The clinical development program for ANORO ELLIPTA included two 6-month, randomized, double-blinded, placebo-controlled, parallel-group trials; two 6-month active-controlled trials; and two 12-week crossover trials in subjects with COPD designed to evaluate the efficacy of ANORO ELLIPTA on lung function. The 6-month trials treated 4,733 subjects that had a clinical diagnosis of COPD, were 40 years of age or older, had a history of smoking greater than 10 pack-years, had a post-albuterol FEV1 less than or equal to 70% of predicted normal values, had a ratio of FEV1/FVC of less than 0.7, and had a Modified Medical Research Council (mMRC) score greater than or equal to 2. Of the 4,713 subjects included in the efficacy analysis, 68% were male and 84% were Caucasian. They had a mean age of 63 years and an average smoking history of 45 pack-years, with 50% identified as current smokers. At screening, the mean post-bronchodilator percent predicted FEV1 was 48% (range: 13% to 76%), the mean post-bronchodilator FEV1/FVC ratio was 0.47 (range: 0.13 to 0.78), and the mean percent reversibility was 14% (range: -36% to 109%).
Trial 1 evaluated ANORO ELLIPTA (umeclidinium/vilanterol 62.5 mcg/25 mcg), umeclidinium 62.5 mcg, vilanterol 25 mcg, and placebo. The primary endpoint was change from baseline in trough (predose) FEV1 at Day 169 (defined as the mean of the FEV1 values obtained at 23 and 24 hours after the previous dose on Day 168) compared with placebo, umeclidinium 62.5 mcg, and vilanterol 25 mcg. The comparison of ANORO ELLIPTA with umeclidnium 62.5 mcg and vilanterol 25 mcg was assessed to evaluate the contribution of the individual comparators to ANORO ELLIPTA. ANORO ELLIPTA demonstrated a larger increase in mean change from baseline in trough (predose) FEV1 relative to placebo, umeclidinium 62.5 mcg, and vilanterol 25 mcg (Table 2).
Table 2: Least Squares (LS) Mean Change From Baseline
in Trough FEV1 (mL) at Day 169 in the Intent-to-Treat Population (Trial 1)
|Treatment||n||Trough FEV1 (mL) at Day 169|
|Placebo (95% CI)
n = 280
|Umeclidinium 62.5 mcga (95% CI)
n = 418
|Vilanterol 25 mcga (95% CI)
n = 421
|ANORO ELLIPTA||413||167 (128, 207)||52 (17, 87)||95 (60, 130)|
|n = Number in intent-to-treat
aThe umeclidinium and vilanterol comparators used the same inhaler and excipients as ANORO ELLIPTA.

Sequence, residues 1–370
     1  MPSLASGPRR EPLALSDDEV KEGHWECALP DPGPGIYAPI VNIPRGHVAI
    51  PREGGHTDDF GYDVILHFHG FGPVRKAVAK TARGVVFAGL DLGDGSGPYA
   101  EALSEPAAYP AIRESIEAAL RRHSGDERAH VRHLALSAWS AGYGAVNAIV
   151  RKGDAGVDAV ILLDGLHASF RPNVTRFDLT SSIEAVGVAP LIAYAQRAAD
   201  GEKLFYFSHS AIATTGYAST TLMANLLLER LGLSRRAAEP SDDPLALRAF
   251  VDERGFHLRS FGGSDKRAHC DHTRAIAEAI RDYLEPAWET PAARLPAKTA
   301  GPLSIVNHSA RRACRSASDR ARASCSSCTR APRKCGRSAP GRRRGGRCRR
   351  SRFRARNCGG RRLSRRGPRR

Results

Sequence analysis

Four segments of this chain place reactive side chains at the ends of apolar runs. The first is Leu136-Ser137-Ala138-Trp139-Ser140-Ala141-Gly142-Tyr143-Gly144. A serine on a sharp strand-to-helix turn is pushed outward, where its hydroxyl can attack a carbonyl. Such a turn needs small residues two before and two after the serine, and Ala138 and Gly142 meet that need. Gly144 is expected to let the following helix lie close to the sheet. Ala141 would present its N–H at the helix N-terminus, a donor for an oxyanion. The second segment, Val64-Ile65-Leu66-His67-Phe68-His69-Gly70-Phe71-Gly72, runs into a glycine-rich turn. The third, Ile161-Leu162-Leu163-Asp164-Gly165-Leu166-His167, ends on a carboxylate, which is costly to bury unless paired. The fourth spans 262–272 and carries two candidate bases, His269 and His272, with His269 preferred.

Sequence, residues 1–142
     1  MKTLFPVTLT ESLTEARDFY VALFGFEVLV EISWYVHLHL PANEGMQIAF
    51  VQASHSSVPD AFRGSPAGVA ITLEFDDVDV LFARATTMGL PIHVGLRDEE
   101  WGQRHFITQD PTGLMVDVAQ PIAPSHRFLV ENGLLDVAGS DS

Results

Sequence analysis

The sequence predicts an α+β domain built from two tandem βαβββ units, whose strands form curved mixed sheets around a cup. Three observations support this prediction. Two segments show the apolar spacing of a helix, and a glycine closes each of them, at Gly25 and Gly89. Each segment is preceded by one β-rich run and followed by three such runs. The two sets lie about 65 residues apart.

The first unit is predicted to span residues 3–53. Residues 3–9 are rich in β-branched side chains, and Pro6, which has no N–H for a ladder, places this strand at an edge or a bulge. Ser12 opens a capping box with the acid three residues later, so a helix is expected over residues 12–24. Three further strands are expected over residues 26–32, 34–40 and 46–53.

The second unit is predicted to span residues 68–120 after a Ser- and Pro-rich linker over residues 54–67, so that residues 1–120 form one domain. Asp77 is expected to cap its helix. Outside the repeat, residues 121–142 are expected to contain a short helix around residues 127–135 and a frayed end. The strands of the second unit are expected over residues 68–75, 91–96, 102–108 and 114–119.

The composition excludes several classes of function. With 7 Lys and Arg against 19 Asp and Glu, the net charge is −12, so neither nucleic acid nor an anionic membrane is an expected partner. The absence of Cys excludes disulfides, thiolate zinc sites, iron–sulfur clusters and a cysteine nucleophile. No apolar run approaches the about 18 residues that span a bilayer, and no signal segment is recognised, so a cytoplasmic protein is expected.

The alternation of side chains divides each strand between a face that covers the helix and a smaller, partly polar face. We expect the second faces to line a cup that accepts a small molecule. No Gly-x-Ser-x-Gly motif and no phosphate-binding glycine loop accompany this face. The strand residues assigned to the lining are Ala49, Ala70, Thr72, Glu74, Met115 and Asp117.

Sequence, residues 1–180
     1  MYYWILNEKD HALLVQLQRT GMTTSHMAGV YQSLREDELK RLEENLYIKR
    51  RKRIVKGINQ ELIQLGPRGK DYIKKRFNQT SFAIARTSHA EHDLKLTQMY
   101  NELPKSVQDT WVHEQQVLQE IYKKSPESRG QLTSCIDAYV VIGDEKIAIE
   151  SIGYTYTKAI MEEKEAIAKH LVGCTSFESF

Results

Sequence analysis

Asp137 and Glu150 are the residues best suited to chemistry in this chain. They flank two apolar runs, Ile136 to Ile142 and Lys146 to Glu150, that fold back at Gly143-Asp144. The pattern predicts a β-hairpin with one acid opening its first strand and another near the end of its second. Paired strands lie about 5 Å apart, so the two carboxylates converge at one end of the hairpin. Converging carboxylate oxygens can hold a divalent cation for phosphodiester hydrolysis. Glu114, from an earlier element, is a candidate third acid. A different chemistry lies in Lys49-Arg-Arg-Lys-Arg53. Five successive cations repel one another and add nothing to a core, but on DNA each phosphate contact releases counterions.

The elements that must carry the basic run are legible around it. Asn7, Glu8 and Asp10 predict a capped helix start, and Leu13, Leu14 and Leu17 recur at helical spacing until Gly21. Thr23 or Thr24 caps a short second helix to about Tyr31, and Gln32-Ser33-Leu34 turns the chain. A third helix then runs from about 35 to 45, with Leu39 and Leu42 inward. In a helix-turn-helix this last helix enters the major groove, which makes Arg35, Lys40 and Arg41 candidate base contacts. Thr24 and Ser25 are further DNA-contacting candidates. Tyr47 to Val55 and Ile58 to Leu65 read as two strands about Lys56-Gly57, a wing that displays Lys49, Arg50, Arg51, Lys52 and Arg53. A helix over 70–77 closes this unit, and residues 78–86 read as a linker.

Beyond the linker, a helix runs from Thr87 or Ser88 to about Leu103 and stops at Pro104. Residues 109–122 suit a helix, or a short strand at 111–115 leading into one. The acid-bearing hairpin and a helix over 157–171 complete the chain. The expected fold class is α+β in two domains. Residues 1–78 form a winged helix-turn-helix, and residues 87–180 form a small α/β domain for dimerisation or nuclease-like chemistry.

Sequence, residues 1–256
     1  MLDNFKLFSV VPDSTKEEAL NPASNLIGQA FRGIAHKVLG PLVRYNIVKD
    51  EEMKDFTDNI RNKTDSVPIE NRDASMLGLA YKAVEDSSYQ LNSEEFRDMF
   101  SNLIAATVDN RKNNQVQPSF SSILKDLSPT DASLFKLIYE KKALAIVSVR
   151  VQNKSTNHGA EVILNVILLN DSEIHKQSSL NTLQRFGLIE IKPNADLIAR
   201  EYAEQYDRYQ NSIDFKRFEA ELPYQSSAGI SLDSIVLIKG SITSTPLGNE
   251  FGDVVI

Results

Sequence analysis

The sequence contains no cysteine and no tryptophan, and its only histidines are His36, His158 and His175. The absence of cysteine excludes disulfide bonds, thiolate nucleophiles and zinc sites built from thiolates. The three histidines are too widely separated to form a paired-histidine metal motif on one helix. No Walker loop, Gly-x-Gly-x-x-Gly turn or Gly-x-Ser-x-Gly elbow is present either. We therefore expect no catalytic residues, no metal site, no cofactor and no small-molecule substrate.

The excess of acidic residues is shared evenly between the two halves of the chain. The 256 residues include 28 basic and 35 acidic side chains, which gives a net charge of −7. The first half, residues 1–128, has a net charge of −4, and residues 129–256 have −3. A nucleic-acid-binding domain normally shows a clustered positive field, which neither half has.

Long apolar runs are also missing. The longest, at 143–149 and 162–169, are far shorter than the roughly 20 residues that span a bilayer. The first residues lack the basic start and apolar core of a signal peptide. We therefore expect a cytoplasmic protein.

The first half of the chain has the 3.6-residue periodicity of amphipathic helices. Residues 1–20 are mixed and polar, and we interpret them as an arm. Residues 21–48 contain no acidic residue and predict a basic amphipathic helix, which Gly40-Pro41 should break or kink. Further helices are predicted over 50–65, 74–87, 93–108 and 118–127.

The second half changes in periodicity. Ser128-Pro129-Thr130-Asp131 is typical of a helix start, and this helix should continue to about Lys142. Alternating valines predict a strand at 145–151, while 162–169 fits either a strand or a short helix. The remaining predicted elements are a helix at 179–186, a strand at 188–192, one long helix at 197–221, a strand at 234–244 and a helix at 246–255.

Trial 2 had a similar study design as Trial 1 but evaluated umeclidinium/vilanterol 125 mcg/25 mcg, umeclidinium 125 mcg, vilanterol 25 mcg, and placebo. Results for umeclidinium/vilanterol 125 mcg/25 mcg in Trial 2 were similar to those observed for ANORO ELLIPTA in Trial 1.
Results from the two active-controlled trials and the two 12-week trials provided additional support for the efficacy of ANORO ELLIPTA in terms of change from baseline in trough FEV1 compared with the single-ingredient comparators and placebo.
Serial spirometric evaluations throughout the 24-hour dosing interval were performed in a subset of subjects (n = 197) at Days 1, 84, and 168 in Trial 1. Results from Trial 1 at Day 1 and Day 168 are shown in Figure 5.
Figure 5: Least Squares (LS)
Mean Change From Baseline in FEV1 (mL) Over Time (024 h) on Days 1 and 168 (Trial
1 Subset Population)
The peak FEV1 was defined as the maximum FEV1 recorded within 6 hours after the dose of trial medicine on Days 1, 28, 84, and 168 (measurements recorded at 15 and 30 minutes and 1, 3, and 6 hours). The mean peak FEV1 improvement from baseline for ANORO ELLIPTA compared with placebo at Day 1 and at Day 168 was 167 and 224 mL, respectively. The median time to onset on Day 1, defined as a 100-mL increase from baseline in FEV1, was 27 minutes in subjects receiving ANORO ELLIPTA.
Last reviewed on RxList: 12/30/2013
This monograph has been modified to include the generic and brand name in many instances.
Additional Anoro Ellipta Information